My Journey Thus Far

While researching paths to take to start learning JavaScript I stumbled upon Treehouse. For those of you who aren’t familiar with Treehouse, it is a paid learning platform that teaches a number web development and programming skills. Anyways, I first enrolled on the Treehouse platform in September, 2020. I wanted to take a few minutes to talk about my journey (thus far) using Treehouse to learn coding.

With Treehouse you take different paths, or “tracks” as they call them. I decided to start down the Full Stack JavaScript track.

When I started I was quite impressed by the quality of the instructors and videos. I literally felt as if I couldn’t “put it down” for the first couple days because there was so much to soak in. Sure, a lot of it I already knew from the past, but I still felt hungry enough for the whole helping. With each step, each course, I began learning new concepts, as well as, earning points and badges for each task completed.

Very nice!

Challenges on My Journey

The biggest challenges I’ve had with Treehouse are that some of the courses I’ve taken present challenges with a weak set of instructions for designing the solution. As one would figure, this makes things super challenging. While challenges are not a bad thing in and of themselves, I have found that some (few) of the course solutions on Treehouse have left me scratching my head wondering what I’d just learned.


Looking back at my project files since I began down the Full Stack JS track, I find that I have completed quite a number of accomplishments–things I never thought I’d have the patience to learn.

Honestly though, I feel my greatest JS achievements haven’t come from completing challenges on Treehouse or viewing my various badges (which are cool)… But rather I feel my biggest achievements have come from completing challenges in other (non-Treehouse) courses after learning on the Treehouse platform.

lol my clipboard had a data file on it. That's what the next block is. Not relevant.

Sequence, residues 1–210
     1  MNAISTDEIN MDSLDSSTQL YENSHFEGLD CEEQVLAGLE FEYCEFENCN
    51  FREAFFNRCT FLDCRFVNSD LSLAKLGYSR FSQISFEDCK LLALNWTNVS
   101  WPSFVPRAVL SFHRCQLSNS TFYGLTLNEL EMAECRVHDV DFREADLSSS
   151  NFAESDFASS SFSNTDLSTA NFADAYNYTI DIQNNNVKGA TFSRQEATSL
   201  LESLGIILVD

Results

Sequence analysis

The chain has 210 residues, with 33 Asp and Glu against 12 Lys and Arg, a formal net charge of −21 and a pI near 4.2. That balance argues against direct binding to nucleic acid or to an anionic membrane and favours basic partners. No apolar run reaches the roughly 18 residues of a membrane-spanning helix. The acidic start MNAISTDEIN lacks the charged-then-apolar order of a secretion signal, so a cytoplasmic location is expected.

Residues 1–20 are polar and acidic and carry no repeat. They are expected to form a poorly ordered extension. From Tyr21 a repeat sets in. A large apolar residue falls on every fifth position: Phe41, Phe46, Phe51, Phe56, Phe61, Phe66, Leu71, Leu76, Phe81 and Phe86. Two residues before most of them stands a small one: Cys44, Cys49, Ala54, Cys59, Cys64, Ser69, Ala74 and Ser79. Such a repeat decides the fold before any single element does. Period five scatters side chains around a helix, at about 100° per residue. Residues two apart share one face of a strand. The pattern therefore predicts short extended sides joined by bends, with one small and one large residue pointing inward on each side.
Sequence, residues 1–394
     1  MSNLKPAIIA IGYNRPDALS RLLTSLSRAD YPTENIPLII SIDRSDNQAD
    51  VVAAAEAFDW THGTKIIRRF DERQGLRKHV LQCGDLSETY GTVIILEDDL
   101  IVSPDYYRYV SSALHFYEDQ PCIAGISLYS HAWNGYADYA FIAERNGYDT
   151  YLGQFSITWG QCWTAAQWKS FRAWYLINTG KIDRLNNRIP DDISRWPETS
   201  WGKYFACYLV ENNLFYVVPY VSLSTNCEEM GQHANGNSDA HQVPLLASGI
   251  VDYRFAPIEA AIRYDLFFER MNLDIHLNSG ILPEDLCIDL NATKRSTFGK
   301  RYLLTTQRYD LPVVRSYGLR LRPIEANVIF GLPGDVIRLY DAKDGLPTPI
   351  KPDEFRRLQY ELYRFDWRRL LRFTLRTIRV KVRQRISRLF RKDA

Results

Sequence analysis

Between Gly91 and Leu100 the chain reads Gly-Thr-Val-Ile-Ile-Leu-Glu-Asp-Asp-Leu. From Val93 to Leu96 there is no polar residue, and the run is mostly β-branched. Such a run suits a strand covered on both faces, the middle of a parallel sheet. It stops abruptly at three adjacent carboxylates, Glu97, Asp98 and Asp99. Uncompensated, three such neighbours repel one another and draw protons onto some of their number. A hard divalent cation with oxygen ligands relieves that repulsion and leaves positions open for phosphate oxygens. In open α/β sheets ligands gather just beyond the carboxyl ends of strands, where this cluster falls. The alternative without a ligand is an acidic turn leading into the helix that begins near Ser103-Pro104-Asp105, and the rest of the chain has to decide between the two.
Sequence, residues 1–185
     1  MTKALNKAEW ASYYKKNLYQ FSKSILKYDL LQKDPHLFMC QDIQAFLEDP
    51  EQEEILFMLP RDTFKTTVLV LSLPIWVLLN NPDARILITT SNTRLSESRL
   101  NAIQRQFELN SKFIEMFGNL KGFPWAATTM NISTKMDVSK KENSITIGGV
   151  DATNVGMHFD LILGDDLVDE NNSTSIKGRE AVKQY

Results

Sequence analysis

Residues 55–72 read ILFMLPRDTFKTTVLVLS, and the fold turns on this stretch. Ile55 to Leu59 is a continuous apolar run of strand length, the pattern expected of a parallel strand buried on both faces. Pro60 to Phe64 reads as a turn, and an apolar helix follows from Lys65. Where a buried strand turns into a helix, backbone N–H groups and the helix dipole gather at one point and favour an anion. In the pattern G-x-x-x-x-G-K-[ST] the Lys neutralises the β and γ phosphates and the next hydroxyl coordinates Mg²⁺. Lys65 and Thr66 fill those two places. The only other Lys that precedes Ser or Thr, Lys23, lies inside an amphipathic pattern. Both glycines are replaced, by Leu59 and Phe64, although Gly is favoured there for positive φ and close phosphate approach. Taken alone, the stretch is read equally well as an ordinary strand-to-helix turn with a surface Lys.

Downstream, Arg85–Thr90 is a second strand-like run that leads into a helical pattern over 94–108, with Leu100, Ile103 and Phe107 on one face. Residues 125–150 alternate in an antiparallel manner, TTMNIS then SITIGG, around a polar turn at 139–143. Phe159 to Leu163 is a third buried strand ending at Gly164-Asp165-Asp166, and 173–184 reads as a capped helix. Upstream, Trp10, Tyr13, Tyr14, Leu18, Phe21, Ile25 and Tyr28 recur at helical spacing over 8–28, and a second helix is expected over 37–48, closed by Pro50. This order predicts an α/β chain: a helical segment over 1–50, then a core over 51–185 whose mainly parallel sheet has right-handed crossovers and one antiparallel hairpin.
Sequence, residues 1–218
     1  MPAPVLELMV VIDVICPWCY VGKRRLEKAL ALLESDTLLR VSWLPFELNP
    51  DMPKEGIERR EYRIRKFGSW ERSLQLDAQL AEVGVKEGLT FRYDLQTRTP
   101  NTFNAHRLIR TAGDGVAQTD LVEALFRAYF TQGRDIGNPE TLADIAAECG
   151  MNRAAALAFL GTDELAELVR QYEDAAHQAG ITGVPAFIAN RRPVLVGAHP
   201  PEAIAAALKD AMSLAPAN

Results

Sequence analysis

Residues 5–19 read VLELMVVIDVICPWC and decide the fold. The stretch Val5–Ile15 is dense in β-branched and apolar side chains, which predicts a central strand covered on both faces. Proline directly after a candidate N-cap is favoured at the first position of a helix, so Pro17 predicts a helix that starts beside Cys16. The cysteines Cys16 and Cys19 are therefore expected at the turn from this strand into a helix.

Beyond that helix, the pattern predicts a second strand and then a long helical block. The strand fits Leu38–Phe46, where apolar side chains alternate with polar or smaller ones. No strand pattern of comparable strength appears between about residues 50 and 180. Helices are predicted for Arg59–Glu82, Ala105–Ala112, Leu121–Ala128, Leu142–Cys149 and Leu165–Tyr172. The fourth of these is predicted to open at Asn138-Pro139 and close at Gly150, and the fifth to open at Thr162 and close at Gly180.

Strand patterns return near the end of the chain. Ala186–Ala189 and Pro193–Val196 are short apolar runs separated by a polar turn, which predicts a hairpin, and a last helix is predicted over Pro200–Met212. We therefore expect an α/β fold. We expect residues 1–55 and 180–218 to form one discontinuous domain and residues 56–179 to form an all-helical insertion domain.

For example, recently I completed a challenge on a web development course hosted on the Udemy platform. The challenge presented was clear and concise. I was able to complete the challenge successfully from scratch, fairly quickly in just 15 lines of code. When the course instructor’s solution was shown, the instructor had completed the challenge using 22 lines of code. Now, I understand that there is a different solution to every problem, but the key was that I used template literals–something I learned about early on while using Treehouse. This gave me a nice boost of confidence, showing me that I was “getting it.”

code displaying template literals

More Information About Treehouse

You can find all of this information on their website, but I figured I would go ahead and break it down here for ease. As of November, 2020 (and before) Treehouse has a few different subscription-based plans to choose from:

  • Courses ($25/mo) – This is the basic plan where you can learn most everything included in the other plans, but you can’t download videos.
  • Courses Plus ($49/mo) – Offers downloadable videos for offline viewing as well as some exclusive bonus content.
  • Techdegree ($199/mo) – Essentially, the Treehouse Techdegree program is an online bootcamp for a number of different plans, including:
    • Front End Web Development
    • Full Stack JavaScript
    • PHP Development
    • UX Design
    • Python Development

Final Thoughts About My Journey Using Treehouse to Learn Coding

With all but five courses remaining to date in the Full Stack JS track, I can look back and see all the many things I’ve learned and crammed into my brain. I enjoy using the platform because the instructors, for the most part, present the material in such a way that a simpleton such as myself can grasp the knowledge quickly and easily.

I’ve been using their services for a few months now and I do recommend treehouse for learning coding.